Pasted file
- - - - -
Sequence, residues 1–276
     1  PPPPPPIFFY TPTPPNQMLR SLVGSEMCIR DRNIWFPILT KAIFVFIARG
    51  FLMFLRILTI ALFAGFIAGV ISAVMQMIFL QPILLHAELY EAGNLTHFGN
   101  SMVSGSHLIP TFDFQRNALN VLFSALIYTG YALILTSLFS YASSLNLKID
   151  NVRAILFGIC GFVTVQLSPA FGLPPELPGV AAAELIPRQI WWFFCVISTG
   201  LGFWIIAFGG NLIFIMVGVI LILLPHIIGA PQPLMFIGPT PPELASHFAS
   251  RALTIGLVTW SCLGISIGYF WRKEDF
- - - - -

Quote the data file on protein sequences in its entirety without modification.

Sequence, residues 1–276
     1  PPPPPPIFFY TPTPPNQMLR SLVGSEMCIR DRNIWFPILT KAIFVFIARG
    51  FLMFLRILTI ALFAGFIAGV ISAVMQMIFL QPILLHAELY EAGNLTHFGN
   101  SMVSGSHLIP TFDFQRNALN VLFSALIYTG YALILTSLFS YASSLNLKID
   151  NVRAILFGIC GFVTVQLSPA FGLPPELPGV AAAELIPRQI WWFFCVISTG
   201  LGFWIIAFGG NLIFIMVGVI LILLPHIIGA PQPLMFIGPT PPELASHFAS
   251  RALTIGLVTW SCLGISIGYF WRKEDF